Biden has already proposed legislation that would provide a pathway to citizenship for the estimated 11 million people living in the U.S. without authorization. He also ordered agencies to make efforts to preserve the program.

Supporters of DACA, including those who argued before Hanen to save it, have said a law passed by Congress is necessary to provide permanent relief. Hanen has said Congress must act if the U.S. wants to provide the protections in DACA to recipients commonly known as “Dreamers,” based on never-passed proposals in Congress called the DREAM Act.

The House approved legislation in March creating a pathway toward citizenship for “Dreamers,” but the measure has stalled in the Senate. Immigration advocates hope to include a provision opening that citizenship doorway in sweeping budget legislation Democrats want to approve this year, but it’s unclear whether that language will survive.

Suing alongside Texas were Alabama, Arkansas, Kansas, Louisiana, Mississippi, Nebraska, South Carolina, and West Virginia — states that all had Republican governors or state attorneys general.

They argued that Obama didn’t have the authority to create DACA because it circumvented Congress. The states also argued that the program drains their educational and healthcare resources.

The Mexican American Legal Defense and Educational Fund and the New Jersey Attorney General’s Office, which defended the program on behalf of some DACA recipients, argued Obama did have the authority and that the states lacked the standing to sue because they had not suffered any harm due to the program.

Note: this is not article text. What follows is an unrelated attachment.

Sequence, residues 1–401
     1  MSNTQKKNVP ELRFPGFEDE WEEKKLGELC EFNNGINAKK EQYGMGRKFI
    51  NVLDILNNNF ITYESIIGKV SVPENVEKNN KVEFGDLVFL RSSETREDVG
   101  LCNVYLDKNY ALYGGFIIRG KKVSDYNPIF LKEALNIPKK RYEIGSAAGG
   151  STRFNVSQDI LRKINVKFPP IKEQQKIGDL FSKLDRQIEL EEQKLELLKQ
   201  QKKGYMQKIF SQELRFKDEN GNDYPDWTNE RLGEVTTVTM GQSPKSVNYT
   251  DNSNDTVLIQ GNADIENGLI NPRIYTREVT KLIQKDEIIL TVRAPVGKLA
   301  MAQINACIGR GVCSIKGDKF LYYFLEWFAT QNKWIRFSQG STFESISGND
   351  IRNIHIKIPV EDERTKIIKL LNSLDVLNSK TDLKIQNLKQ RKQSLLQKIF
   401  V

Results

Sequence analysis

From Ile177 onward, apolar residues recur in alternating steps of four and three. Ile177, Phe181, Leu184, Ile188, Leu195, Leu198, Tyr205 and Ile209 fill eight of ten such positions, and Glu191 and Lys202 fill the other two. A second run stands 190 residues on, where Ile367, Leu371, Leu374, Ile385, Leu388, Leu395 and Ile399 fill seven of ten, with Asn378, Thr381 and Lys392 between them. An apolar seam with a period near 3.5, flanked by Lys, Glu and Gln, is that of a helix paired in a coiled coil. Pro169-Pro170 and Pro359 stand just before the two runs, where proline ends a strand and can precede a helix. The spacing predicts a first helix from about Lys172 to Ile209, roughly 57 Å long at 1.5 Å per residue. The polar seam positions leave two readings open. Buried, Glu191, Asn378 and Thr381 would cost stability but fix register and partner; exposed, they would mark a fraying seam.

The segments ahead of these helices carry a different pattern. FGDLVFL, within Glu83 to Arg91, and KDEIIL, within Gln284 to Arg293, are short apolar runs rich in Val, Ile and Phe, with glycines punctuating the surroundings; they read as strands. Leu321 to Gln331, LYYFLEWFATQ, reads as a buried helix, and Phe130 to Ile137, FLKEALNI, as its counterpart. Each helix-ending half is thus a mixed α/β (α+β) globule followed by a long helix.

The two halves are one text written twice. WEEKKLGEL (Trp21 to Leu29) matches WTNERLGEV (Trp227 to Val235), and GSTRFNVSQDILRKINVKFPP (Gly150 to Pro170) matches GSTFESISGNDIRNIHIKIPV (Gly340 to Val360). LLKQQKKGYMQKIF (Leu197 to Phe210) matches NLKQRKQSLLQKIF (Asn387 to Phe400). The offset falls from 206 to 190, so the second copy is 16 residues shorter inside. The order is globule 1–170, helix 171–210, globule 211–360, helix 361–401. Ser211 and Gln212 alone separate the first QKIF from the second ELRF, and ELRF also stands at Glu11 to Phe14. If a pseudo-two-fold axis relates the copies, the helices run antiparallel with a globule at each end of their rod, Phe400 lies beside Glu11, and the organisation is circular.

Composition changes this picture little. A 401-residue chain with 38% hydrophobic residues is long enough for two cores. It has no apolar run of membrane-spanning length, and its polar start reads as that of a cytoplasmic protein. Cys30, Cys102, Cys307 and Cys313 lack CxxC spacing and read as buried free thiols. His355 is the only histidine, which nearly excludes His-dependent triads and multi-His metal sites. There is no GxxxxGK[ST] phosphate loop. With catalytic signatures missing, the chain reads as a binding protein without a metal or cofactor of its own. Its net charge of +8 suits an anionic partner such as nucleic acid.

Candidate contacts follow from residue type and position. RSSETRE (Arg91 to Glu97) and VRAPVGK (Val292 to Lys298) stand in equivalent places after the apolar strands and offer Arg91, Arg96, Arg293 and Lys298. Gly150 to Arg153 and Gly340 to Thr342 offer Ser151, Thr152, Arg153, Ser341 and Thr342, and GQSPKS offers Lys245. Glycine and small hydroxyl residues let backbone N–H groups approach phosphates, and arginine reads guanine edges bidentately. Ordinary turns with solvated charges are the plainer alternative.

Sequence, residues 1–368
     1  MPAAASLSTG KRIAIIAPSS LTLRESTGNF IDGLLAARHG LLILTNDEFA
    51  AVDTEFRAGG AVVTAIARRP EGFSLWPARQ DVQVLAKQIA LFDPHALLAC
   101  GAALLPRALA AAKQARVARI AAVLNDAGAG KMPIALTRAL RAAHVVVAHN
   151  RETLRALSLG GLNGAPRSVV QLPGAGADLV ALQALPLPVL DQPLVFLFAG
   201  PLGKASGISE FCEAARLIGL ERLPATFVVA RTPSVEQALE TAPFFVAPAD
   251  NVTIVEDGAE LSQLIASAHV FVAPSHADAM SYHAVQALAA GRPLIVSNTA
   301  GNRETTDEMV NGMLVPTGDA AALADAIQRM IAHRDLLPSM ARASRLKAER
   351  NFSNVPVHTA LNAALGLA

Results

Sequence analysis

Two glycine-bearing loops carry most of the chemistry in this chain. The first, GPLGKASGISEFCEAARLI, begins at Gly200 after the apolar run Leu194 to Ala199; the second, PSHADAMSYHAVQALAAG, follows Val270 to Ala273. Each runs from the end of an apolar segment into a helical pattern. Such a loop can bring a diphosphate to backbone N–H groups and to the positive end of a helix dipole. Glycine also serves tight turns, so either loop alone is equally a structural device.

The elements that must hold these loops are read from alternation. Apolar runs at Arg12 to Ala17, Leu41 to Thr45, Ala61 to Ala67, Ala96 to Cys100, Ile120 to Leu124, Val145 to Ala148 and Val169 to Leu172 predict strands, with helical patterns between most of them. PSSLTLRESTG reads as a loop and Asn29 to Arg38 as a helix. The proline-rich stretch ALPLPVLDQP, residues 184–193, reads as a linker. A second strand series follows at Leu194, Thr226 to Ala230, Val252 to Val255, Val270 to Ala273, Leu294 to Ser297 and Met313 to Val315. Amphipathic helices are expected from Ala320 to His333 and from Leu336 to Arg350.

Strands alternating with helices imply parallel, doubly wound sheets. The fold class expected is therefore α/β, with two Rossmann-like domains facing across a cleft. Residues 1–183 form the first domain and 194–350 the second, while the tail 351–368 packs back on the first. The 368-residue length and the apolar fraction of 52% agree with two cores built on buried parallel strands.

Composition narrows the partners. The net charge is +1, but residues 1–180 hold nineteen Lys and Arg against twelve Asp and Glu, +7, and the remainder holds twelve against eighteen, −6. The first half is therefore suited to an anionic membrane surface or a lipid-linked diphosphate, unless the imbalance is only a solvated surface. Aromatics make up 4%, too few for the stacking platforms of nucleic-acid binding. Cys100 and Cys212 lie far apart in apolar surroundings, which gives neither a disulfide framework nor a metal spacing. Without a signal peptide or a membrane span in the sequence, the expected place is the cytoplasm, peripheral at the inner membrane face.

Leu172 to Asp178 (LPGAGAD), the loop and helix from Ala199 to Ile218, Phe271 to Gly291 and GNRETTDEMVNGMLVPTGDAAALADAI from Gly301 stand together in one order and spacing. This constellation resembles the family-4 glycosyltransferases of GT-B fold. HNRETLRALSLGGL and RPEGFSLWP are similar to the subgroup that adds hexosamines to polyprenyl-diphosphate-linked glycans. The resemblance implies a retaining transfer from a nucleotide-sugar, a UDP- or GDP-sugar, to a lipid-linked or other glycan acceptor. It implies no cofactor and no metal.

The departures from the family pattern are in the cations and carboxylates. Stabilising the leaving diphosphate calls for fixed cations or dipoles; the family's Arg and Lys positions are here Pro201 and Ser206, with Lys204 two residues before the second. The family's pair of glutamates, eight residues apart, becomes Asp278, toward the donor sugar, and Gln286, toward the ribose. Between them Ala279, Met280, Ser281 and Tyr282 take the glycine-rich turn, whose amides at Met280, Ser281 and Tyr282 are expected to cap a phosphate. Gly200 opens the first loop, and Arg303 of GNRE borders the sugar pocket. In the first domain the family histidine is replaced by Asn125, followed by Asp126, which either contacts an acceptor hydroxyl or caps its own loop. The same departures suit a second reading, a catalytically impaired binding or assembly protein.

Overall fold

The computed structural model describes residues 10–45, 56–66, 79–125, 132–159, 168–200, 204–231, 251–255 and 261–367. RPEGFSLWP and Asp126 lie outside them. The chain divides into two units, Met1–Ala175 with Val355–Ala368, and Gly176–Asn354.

Thomas Saenz, president of MALDEF, said July 16 that plaintiffs will file an appeal.

“Today’s decision then once more emphasizes how critically important it is that the Congress step up to reflect the will of a supermajority of citizens and voters in this country. That will is to see DACA recipients and other young immigrants similarly situated receive legislative action that will grant them a pathway to permanence and citizenship in our country,” Saenz said.

Hanen rejected Texas’ request in 2018 to stop the program through a preliminary injunction. But in a foreshadowing of his latest ruling, he said he believed DACA as enacted was likely unconstitutional without congressional approval.

Hanen ruled in 2015 that Obama could not expand DACA protections or institute a program shielding their parents.

While DACA is often described as a program for young immigrants, many recipients have lived in the U.S. for a decade or longer after being brought into the country without permission or overstaying visas. The liberal Center for American Progress says roughly 254,000 children have at least one parent relying on DACA. Some recipients are grandparents.